What are we looking for?
A portfolio with a clear divide between income and momentum stocks.
When selecting investments for your portfolio, investors will often search for securities that have characteristics they desire – dividends, low valuation, large market capitalization, etc. One method of achieving these chosen attributes is to apply them to your investment universe and see what remains.
Another way to consider meeting your desired investment characteristics is to split them up. For example, if you’re looking for income but also want stocks with upward momentum potential, you can consider those as two different “sleeves" – a term describing groups of stocks managed with the same style – and create portfolios to match each one.
My strategy today is constructed of two distinct sleeves: dividend growth and momentum. Each sleeve will focus on its respective style only, and then the final portfolio will be a 50/50 combination of the two. The stocks will be selected from the CPMS Canadian Universe, which today holds 703 names.
The dividend growth sleeve ranks stocks based on:
- Five-year dividend growth rate – an annualized number, higher values preferred;
- Expected dividend growth rate – difference between the expected annual dividend rate and the actual trailing dividends paid in the past four quarters, higher values preferred;
- Quarterly earnings surprise – a proprietary measure of the difference between actual and expected quarterly earnings (based on consensus analyst expectations), higher values preferred.
- The momentum sleeve ranks stocks based on:
- Quarterly earnings momentum – measured as the growth in the most recent trailing four quarters of earnings relative to the trailing four quarters’ earnings lagged by one quarter, higher values preferred;
- Quarterly earnings surprise;
- Price change from 12-month high – a momentum factor based on stock price, least-negative values are preferred.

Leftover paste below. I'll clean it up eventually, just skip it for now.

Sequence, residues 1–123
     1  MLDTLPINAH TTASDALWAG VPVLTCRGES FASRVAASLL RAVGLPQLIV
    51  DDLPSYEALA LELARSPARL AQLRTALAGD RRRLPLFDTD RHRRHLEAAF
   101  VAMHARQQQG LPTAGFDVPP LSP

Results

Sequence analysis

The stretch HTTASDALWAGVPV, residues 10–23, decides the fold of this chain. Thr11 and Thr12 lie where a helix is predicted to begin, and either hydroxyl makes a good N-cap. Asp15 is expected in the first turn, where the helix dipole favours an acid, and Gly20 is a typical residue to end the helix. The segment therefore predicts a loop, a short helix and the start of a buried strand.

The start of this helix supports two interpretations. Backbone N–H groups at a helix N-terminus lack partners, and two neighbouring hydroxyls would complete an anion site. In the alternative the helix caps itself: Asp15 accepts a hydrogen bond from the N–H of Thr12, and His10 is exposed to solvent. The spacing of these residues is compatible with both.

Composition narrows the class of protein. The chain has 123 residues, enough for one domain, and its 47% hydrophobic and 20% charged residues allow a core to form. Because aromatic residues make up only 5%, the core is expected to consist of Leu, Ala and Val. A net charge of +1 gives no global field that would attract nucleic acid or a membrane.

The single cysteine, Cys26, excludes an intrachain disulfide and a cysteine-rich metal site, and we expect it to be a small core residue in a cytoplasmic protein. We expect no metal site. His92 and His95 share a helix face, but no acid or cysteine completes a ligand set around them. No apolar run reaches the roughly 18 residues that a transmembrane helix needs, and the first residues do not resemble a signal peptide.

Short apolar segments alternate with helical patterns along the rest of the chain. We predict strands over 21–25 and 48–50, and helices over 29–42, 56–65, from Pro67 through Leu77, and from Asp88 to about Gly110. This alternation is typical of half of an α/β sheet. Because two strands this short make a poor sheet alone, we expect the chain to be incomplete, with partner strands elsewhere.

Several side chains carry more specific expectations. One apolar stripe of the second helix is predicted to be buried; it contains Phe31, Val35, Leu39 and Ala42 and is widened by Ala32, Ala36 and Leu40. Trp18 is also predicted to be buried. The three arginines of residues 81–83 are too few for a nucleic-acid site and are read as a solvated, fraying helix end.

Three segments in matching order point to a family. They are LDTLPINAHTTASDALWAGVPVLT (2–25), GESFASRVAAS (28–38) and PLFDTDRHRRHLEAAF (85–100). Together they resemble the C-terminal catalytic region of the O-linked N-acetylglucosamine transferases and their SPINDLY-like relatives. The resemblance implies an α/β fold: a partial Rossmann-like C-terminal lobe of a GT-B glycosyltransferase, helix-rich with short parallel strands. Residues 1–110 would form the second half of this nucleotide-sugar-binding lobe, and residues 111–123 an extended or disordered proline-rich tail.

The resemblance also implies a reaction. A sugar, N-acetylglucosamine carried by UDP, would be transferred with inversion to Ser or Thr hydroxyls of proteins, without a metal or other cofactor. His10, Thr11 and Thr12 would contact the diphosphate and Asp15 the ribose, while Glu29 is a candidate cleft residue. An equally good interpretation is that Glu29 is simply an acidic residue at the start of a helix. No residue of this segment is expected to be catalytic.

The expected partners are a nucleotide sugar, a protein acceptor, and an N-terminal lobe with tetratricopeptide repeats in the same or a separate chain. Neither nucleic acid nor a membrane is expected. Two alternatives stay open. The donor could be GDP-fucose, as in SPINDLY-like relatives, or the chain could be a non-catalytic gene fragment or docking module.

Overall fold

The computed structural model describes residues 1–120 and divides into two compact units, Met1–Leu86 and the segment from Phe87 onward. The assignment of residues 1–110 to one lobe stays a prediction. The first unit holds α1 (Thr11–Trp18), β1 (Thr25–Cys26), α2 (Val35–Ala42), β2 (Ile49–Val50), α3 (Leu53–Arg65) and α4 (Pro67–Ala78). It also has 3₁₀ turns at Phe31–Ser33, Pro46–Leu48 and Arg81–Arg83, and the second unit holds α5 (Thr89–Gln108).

More about Morningstar
Morningstar Research Inc. provides independent investment research in North America, Europe, Australia and Asia. Its research tool, Morningstar CPMS, provides quantitative North American equity research and portfolio analysis to institutional clients and financial advisers. CPMS data cover more than 95 per cent of the investable North American stock market. With more than 120 equity and credit analysts, Morningstar has one of the largest independent institutional equity research teams in the world.
What we found
I used Morningstar CPMS to back-test this strategy from January, 2004, to January, 2019. During this process, a maximum of 10 stocks per sleeve were purchased, for a strategy maximum of 20 stocks. When sold, the positions were replaced with the highest-ranked stock not already owned in that particular sleeve of the portfolio. Over this period, the strategy (with a 50-per-cent allocation to each model) produced an annualized total return of 15.5 per cent while the S&P/TSX Composite Total Return Index returned 7 per cent across the same period.
One thing worth noting is that the strategies’ downside deviation (measuring the volatility of negative returns) was 6.6 per cent compared with the benchmark’s downside deviation of 8.7 per cent. Stocks that qualify for purchase into the both sleeves of the strategy today are listed in the accompanying tables. As always, investors are encouraged to conduct their own independent research before purchasing any of the investments listed here.
Emily Halverson-Duncan, CFA, is a director, CPMS sales at Morningstar Research Inc.